- I have had conversations with developers from Firefox and Chrome, they told me how webRTC has exploded into the scene and since their product release cycles are fast and since this tool will take about 6 months to get fully deployed, I see no issues with browser compatibility then.
- Right Now Chrome m27 (Beta channel), Chrome m28 (Dev Channel) supports audio recording through microphone.
- Google Chrome canary has been supporting audio recording through microphone since m23, by enabling flag "Web Audio Input" via "chrome://flags".
- Chrome Development Calender
- Firefox v20 has a bug with audio recording and is expected to be fixed soon.Link to the Bug Report
- Firefox Release Dates
- WebRTC support for Internet Explorer has been tested on Chrome Frame for Internet Explorer users in non-metro mode.
- Audio Recording will be fully supported by all browsers at some point, and Wikimedia foundation will have a tool to record pronunciation's by then.
- The primary benefit is laying the groundwork for contributor-created audio to MediaWiki sites in any current browser.
- Secondary benefit is to support the Wiktionary project's goals of being an education resource - especially for learners of a second language.
- Further benefits include creating a framework on which language learning can be based, collecting a corpus of tagged linguistic recordings suitable for research, and tools for creating oral histories.
- The mantra that I follow is simple "The more you ask, the more you learn".
- I do have frequent conversations with my mentor and co-mentor via the IRC or email. While I'm using my laptop, I am always logged on to IRC and can be easily reached at #mediawiki, #wikimedia-dev, or by private message. My IRC handle is Rahul21. I frequently submit patches in Gerrit and I am also planning to blog about my experiences with MediaWiki especially this project, probably weekly.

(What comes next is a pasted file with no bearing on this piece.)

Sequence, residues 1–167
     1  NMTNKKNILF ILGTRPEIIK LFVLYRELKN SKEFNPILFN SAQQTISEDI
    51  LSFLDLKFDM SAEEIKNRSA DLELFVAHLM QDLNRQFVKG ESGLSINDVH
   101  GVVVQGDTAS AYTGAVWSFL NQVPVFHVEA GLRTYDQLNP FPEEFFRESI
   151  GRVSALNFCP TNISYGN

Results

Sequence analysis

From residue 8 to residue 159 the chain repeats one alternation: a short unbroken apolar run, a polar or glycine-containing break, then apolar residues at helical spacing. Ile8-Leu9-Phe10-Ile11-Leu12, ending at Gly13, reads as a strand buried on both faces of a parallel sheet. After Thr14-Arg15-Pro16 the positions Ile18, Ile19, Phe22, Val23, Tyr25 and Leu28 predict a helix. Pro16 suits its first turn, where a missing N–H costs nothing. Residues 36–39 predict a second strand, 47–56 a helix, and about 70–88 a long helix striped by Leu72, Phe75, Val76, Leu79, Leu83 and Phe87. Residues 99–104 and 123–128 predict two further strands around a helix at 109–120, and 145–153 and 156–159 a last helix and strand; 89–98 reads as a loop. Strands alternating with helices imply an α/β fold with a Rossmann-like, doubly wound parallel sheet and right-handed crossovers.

- Synchronous feedback via Skype and hangout.
- The important thing in an interaction via IRC or email that I have realized is to have patience. During the times when I am waiting for a reply from my mentor or the community, I generally tend to sit back and analyze the problem or start working on a different task till I get the reply needed.
My Previous Open Source Experiences
- MediaWiki is the first organization in the world of Open Source Programming wherein I have participated actively.
- I have worked on 14 bugs and 9 of my patches have been successfully merged into the codebase. The best thing I feel about bug fixing is that each bug brings out a new facet of the MediaWiki codebase and helped me a lot in learning about the Directory Structure. Amongst the bugs I have hunted down my favorite ones are:
- bug 46514 - Merge the 'editwarning' component of Vector extension into core Patch
- bug 34798 - Diffs on recent changes feed should have the same formatting of the on wiki diffs Patch
- A complete list of my bug fixes and submitted patches. Patches Submitted
- I am a 3rd year Computer Engineering student at U.V Patel College Of Engineering. I love soccer and like to travel a lot.
- “Never give up on what you really want to do. The person with big dreams is more powerful than the one with all the facts.”
- I program in my free time and have a fairly good understanding of C, PHP, HTML, CSS and can paddle around with Java and Python.
- Like every common Wiktionary user, when looking for the pronunciation of certain words I was surprised and left disappointed on not finding them. That is the simple motivation behind my project proposal. Few months ago I never thought I'll be writing this proposal, but now I have the confidence to do it.
- Feedback, suggestions and discussions were held mainly on the Discussion Page of my proposal.
- Inputs were also given in the comment section of the Bug Report.
Firstly I would like to thank Michael Dale and Matt Flaschen for their constant monitoring. The UI mockup that I have prepared is a result of several suggestions that I received on the Discussion Page and also to the valuable inputs given by my friends and college professors who are regular users of Wiktionary. A suggestion given by my friend that i found particularly very useful was to add the IPA of the word in the dialog box. After rigorous scrutiny I had to pick the suggestions that would be user friendly and efficient. Special Thanks to Amgine, Sumana and Quim.